Every CEO, leadership expert, and financial investor is talking about Amazon this week. Not because of their drone technology or their explosive stock price growth, but because of what 100 employees told The New York Times, resulting in the equivalent of a scathing one-star rating for Jeff Bezos in "Inside Amazon: Wrestling Big Ideas in a Bruising Workplace."

Many are talking about how this has hurt Amazon, but I disagree. It will actually help them and many other CEOs who are wondering if this is a true representation of what is occurring in their own organizations that they don't know about. In my work, helping accelerate growth and innovation in companies, I find the most successful leaders know when to be ruthless with how they spend their time, energy, and resources.

Amazon has a unique culture, one that may not suit everyone. Armchair corporate commentary is easy and often misguided. Until you live, breathe, and become an Amazonian, as I did on the Fashion Leadership Team during explosive growth, it is impossible to understand. Imagine having a job where your sole purpose is to delight customers. Where you are free to challenge your boss and your boss's boss as long as you back up your arguments with data. Wouldn't you want to work at a place where all of your time, energy, and resources are spent obsessing over customers, rather than internal drama? Prove you have an innovative idea, as I did, and you will get fast funding and approval to go hire a team to create your dream idea.

Ambitious, determined, focused entrepreneurs don't choose a career in civil service at a local government office. Similarly, anyone looking for two-hour lunch breaks and an easy workload shouldn't choose to work in a fast-growing Fortune 500 company that sprouts more innovation every 12 months than many companies create in a lifetime. Amazonians who did their research well prior to accepting a job offer should not be surprised. When I read the New York Times article, I winced at some of the personal examples, but quietly nodded along with some of the points concerning intense focus and relentlessness. I wasn't surprised that a journalist could find 100 disgruntled employees from a company that employs 180,000.

Amazon is experiencing what is becoming the new corporate flagrant weakness: investing in too much talent. They are trying to hire too fast. Like many CEOs of fast-growing companies, Bezos targeted top industry talent to run new initiatives in TV, fashion, cloud services, drones, and gaming. New executives arrive, and they are expected to drive for results and have a bias for action (referring to two of the 14 Amazon leadership principles), yet they don't have the right teams in place to go and execute on all of the great ideas.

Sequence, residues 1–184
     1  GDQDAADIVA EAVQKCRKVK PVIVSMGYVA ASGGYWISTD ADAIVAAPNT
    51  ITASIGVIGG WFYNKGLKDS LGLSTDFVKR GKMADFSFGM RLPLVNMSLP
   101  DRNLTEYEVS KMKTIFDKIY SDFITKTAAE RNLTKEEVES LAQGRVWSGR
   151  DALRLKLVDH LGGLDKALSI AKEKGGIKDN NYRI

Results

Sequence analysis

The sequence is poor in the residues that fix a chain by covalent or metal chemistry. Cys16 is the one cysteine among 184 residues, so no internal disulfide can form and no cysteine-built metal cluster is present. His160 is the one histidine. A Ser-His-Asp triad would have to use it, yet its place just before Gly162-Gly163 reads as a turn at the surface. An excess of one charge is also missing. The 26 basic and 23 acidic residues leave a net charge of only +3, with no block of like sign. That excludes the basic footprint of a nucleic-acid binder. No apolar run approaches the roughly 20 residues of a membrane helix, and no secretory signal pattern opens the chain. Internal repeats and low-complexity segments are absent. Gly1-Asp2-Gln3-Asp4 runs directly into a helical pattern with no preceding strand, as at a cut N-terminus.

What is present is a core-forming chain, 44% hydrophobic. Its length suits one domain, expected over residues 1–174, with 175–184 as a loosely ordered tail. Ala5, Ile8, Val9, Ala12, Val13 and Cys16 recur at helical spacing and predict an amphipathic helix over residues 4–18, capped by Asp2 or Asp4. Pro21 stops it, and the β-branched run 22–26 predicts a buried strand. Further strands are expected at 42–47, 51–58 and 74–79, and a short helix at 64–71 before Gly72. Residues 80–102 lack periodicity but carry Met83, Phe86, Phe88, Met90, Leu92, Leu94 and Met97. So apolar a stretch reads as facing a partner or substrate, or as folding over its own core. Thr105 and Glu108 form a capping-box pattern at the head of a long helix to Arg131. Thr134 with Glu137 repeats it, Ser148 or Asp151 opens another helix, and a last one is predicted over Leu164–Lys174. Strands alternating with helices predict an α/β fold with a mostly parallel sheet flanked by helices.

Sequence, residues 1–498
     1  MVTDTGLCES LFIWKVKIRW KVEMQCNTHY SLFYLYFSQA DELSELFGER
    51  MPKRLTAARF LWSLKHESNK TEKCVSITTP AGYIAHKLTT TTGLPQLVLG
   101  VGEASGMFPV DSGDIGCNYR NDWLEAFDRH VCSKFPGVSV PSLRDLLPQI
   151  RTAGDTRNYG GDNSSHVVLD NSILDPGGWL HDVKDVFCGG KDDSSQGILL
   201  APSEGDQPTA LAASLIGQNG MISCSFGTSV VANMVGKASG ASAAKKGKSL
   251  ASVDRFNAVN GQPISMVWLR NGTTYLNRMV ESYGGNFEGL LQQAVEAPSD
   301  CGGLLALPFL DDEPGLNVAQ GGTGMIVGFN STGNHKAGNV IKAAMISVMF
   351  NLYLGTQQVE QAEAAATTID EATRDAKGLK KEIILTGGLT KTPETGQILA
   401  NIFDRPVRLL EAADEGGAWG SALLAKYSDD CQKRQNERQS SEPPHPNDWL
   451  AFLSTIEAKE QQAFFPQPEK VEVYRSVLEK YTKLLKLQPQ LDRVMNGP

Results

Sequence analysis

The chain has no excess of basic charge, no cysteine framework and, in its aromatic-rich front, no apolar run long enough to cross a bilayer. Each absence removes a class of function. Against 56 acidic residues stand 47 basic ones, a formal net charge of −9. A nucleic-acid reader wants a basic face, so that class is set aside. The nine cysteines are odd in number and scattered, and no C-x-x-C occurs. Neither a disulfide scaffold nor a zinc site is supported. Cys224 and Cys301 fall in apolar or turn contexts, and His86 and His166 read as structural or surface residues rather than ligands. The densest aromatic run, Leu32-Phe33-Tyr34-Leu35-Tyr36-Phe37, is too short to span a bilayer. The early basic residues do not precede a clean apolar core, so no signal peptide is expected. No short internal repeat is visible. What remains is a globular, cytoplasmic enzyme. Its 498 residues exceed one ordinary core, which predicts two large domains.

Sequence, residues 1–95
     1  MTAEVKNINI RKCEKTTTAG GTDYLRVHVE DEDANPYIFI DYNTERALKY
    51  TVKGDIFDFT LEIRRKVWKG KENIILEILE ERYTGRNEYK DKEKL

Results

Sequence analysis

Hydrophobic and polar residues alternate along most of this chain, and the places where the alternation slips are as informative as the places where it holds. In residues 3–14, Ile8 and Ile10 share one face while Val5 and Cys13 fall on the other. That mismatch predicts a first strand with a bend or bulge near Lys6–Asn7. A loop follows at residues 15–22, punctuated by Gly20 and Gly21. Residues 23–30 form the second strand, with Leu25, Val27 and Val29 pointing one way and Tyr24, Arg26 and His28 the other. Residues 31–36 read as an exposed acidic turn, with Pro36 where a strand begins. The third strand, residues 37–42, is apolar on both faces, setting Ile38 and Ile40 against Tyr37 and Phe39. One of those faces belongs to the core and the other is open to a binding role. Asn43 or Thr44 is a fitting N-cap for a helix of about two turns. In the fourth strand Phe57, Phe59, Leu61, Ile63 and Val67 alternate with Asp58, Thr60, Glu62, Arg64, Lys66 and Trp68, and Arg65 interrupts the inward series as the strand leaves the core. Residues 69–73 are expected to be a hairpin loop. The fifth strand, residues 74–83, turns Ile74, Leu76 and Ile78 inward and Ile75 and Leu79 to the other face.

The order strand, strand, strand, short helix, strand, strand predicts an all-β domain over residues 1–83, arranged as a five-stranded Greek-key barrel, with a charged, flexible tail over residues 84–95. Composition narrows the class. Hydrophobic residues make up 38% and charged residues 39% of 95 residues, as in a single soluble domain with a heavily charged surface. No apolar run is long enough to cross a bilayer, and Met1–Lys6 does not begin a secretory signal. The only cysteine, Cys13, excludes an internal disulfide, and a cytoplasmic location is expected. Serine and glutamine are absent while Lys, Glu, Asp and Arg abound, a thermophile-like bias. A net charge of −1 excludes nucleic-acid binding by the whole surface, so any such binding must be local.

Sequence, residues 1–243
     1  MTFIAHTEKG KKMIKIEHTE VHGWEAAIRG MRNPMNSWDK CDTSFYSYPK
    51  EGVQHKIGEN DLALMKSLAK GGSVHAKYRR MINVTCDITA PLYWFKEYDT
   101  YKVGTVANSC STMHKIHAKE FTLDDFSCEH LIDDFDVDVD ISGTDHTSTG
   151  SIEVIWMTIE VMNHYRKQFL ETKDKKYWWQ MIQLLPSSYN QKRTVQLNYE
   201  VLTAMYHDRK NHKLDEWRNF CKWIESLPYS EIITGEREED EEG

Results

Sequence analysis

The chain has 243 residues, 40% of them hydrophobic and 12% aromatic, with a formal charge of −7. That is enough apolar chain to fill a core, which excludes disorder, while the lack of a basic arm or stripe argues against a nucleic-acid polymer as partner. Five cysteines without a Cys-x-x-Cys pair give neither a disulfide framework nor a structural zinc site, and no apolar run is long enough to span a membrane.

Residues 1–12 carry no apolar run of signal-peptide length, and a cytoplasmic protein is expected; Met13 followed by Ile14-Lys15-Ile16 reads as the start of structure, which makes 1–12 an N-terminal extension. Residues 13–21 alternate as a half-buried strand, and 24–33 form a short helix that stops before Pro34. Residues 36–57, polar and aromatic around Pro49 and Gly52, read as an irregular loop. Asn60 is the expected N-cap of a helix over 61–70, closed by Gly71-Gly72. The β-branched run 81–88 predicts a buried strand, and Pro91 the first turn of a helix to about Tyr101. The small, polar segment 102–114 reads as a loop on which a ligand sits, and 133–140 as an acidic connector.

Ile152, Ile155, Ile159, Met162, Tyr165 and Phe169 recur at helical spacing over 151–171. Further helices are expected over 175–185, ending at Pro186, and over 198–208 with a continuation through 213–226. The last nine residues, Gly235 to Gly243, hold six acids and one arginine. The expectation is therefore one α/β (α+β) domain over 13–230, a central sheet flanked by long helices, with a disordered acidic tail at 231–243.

This has created many tornados inside their rapidly growing divisions because initiatives are not scaled back or prioritized when the team is only 50 percent staffed--the team just has to absorb the extra work. If you are in a team that is staffed fully, your experience is remarkably more positive.

I have distilled the lessons from Amazon and other successful, rapidly growing, and innovative companies into four ways leaders can accelerate innovation:

  1. Stop hiring so fast

Use this Talent Barometer to prioritize who you should hire when: consider the role's strategic importance, your desired speed to market, how scarce the expertise is, and what productivity gains could be made by hiring someone to fill the role right now. Innovation stalls when you have incomplete teams.

  1. Avoid haphazard understanding

Amazon's average length of service is reported to be just 12 months. There are more new leaders than old leaders everywhere, and they're all trying to figure out a peculiar culture that creates rapid innovation but is hard to understand. Don't let your new leaders learn your culture in a haphazard way. Ruthlessly prioritize giving new leaders the support they need to understand how your company works and apply that knowledge. Provide coaching and mentoring as they make the cultural leap from their last company to yours.

  1. Become more employee-obsessed

Amazon's customer obsession is commendable. It is the pivotal reason they can create so much innovation rapidly, and their marketing and communication to customers is refreshing and inspiring. To continue to grow, Amazon is going to need to apply this equally to their employees. Innovation occurs when candid conversations happen at every level of the organization. Are you inspiring your current and future employees? Here are 17 ideas you could implement today.

  1. Start being more Thoughtfully Ruthless

Rapid growth can create incomplete teams, which drags everyone into spending too much time worrying about tactics and execution. Try this to rapidly accelerate your innovation: Ask your recent hires how you can help them be more ruthless, in a thoughtful way, with how they spend their time, their energy, and their resources. Ask, listen, and act.

While Jeff Bezos and his executive team may have marked the one-star New York Times story "Not Helpful," many future Amazonians now can decide for themselves if this is a company they want to join, and complete their own research into the business, team, and manager they are going to work for. At the same time, Bezos can decide how much more employee-obsessed he wants to become.

How can these lessons help you become more ruthless?

Contact me if you want to receive my Innovation Inventory Measurement tool to determine how innovative your company is today and how you can rapidly accelerate innovation.